Meanwhile, the magazine ran a drawing by James Thurber for the first time in the February 22, 1930 issue. E. B. White had rescued Thurber’s doodles from being discarded, and encouraged the writer to publish his art work.

Ogden Nash 37¢
(1902-1971)

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Issue Date: August 19, 2002
City: Baltimore, MD
Quantity: 70,000,000

American humorist and poet Ogden Nash wrote light-hearted, whimsical, and sometimes nonsensical verse. He often used an extremely large poetic license to create comical rhymes and puns. Ogden Nash is the 18th honoree of the Literary Arts Series.

An interesting couple of notes about the Ogden Nash stamp. It is the first time the word ‘Sex’ has appeared on a stamp; and probably also is the first time a limerick has appeared on a U.S. stamp.

U.S. Postal Service chief stamp developer Terry McCaffrey told CBSNews.com he expects to get complaints about “sex,” which is included in the six Nash poems in the background of the design: “The Turtle,” “The Cow,” “Crossing The Border,” “The Kitten,” “The Camel,” and “Limerick One.”

Nash poked fun at human foibles without cynicism. He wrote on many subjects, but all of his poems expressed his wry wit and demonstrated his playfulness with language. “I’m very fond of the English language. I tease it, and you tease only the things you love,” Nash reportedly said. He invented words and used puns, creative misspellings, irregular line lengths and unexpected rhymes to make his verse humorous and memorable. Because of his unique style, many consider Ogden Nash to have been one of the most accomplished American writers of light verse in the 20th century.

In a letter to the editor of The New York Times in 1969, Nash complained about stamps that would not stick to envelopes. He lamented, “The Post Office should supply a roll of Scotch tape with every 100 stamps, but mine won’t even sell me one. I’d like to go back to where I came from: 1902.”

Nash considered himself a ‘worsifier’. One of the most universally known verses is: “Candy is dandy/but liquor is quicker.” Others include: “If called by a panther, / Don’t anther,” and “In the vanities / No one wears panities.”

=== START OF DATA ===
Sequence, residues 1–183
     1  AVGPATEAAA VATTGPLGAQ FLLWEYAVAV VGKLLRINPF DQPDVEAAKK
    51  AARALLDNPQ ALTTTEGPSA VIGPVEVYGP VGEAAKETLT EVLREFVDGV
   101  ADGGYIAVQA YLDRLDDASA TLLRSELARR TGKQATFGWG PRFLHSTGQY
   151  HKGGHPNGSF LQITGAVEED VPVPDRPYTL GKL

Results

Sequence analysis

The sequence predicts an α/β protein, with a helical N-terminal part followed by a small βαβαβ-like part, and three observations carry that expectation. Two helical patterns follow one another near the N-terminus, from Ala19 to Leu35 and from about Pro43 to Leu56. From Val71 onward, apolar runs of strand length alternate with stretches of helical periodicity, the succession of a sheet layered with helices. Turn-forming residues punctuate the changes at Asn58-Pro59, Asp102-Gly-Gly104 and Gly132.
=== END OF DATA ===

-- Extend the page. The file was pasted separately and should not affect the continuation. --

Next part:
Did you know? Nash’s great-great-grandfather was governor of North Carolina during the Revolution, and that ancestor’s brother was General Francis Nash, for whom Nashville, Tennessee, was named.

James Thurber 29¢
(1894-1961)

James Thurber

Issue Date: September 10, 1994
City: Columbus, OH
Quantity: 150,750,000

One of the most popular humorists of his time, James Thurber celebrated the comic frustrations and eccentricities of ordinary people.  In Thurber-Land, the men are often sad, bewildered, and inept; the women are fierce and determined; and their dogs are indifferent to men a women alike, and are immersed in a fantasy world of their own.  Thurber is the author of The Secret Life of Walter Mittywhich portrays an oversensitive man who escapes from his nagging wife through his daydreams and the creator of numerous New Yorker magazine cover cartoons.  Writing nearly 40 books, he won a Tony Award for the Broadway play, A Thurber Carnival, in which he often starred as himself.

One of his books, My World and Welcome To It, was turned into an NBC television series in 1969-1970 starring William Windom. My World and Welcome To It, won best Comedy Series and Windom won Best Actor in a Comedy Series at the 1970 Emmys.